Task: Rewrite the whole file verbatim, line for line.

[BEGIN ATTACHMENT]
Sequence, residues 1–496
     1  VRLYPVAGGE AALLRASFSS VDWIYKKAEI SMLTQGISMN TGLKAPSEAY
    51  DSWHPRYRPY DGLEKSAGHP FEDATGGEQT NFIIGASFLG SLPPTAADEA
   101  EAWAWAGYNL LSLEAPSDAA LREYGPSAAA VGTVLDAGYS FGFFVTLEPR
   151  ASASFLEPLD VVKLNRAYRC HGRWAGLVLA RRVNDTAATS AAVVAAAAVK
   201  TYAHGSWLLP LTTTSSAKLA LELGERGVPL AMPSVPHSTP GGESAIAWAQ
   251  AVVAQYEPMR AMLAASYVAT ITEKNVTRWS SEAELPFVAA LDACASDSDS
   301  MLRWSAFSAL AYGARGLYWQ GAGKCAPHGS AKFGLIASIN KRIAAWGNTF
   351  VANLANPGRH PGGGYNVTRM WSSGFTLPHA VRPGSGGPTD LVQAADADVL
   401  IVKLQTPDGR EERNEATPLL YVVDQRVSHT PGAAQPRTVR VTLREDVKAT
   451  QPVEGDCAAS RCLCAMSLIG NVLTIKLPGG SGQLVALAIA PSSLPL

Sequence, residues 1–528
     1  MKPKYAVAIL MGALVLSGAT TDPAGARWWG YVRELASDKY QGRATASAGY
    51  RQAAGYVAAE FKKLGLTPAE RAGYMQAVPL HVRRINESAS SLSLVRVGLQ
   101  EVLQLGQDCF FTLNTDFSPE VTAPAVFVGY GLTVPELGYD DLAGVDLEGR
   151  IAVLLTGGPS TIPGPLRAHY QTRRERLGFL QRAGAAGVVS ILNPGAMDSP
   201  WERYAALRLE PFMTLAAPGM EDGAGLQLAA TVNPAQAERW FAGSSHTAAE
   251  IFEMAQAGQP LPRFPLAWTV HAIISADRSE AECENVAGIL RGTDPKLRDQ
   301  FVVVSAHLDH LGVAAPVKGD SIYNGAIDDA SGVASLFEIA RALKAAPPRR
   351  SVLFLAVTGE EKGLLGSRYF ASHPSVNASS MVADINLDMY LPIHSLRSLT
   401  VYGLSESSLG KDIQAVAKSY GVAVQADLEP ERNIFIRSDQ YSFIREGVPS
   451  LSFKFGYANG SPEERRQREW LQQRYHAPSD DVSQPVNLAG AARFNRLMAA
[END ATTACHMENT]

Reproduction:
Sequence, residues 1–496
     1  VRLYPVAGGE AALLRASFSS VDWIYKKAEI SMLTQGISMN TGLKAPSEAY
    51  DSWHPRYRPY DGLEKSAGHP FEDATGGEQT NFIIGASFLG SLPPTAADEA
   101  EAWAWAGYNL LSLEAPSDAA LREYGPSAAA VGTVLDAGYS FGFFVTLEPR
   151  ASASFLEPLD VVKLNRAYRC HGRWAGLVLA RRVNDTAATS AAVVAAAAVK
   201  TYAHGSWLLP LTTTSSAKLA LELGERGVPL AMPSVPHSTP GGESAIAWAQ
   251  AVVAQYEPMR AMLAASYVAT ITEKNVTRWS SEAELPFVAA LDACASDSDS
   301  MLRWSAFSAL AYGARGLYWQ GAGKCAPHGS AKFGLIASIN KRIAAWGNTF
   351  VANLANPGRH PGGGYNVTRM WSSGFTLPHA VRPGSGGPTD LVQAADADVL
   401  IVKLQTPDGR EERNEATPLL YVVDQRVSHT PGAAQPRTVR VTLREDVKAT
   451  QPVEGDCAAS RCLCAMSLIG NVLTIKLPGG SGQLVALAIA PSSLPL

Sequence, residues 1–528
     1  MKPKYAVAIL MGALVLSGAT TDPAGARWWG YVRELASDKY QGRATASAGY
    51  RQAAGYVAAE FKKLGLTPAE RAGYMQAVPL HVRRINESAS SLSLVRVGLQ
   101  EVLQLGQDCF FTLNTDFSPE VTAPAVFVGY GLTVPELGYD DLAGVDLEGR
   151  IAVLLTGGPS TIPGPLRAHY QTRRERLGFL QRAGAAGVVS ILNPGAMDSP
   201  WERYAALRLE PFMTLAAPGM EDGAGLQLAA TVNPAQAERW FAGSSHTAAE
   251  IFEMAQAGQP LPRFPLAWTV HAIISADRSE AECENVAGIL RGTDPKLRDQ
   301  FVVVSAHLDH LGVAAPVKGD SIYNGAIDDA SGVASLFEIA RALKAAPPRR
   351  SVLFLAVTGE EKGLLGSRYF ASHPSVNASS MVADINLDMY LPIHSLRSLT
   401  VYGLSESSLG KDIQAVAKSY GVAVQADLEP ERNIFIRSDQ YSFIREGVPS
   451  LSFKFGYANG SPEERRQREW LQQRYHAPSD DVSQPVNLAG AARFNRLMAA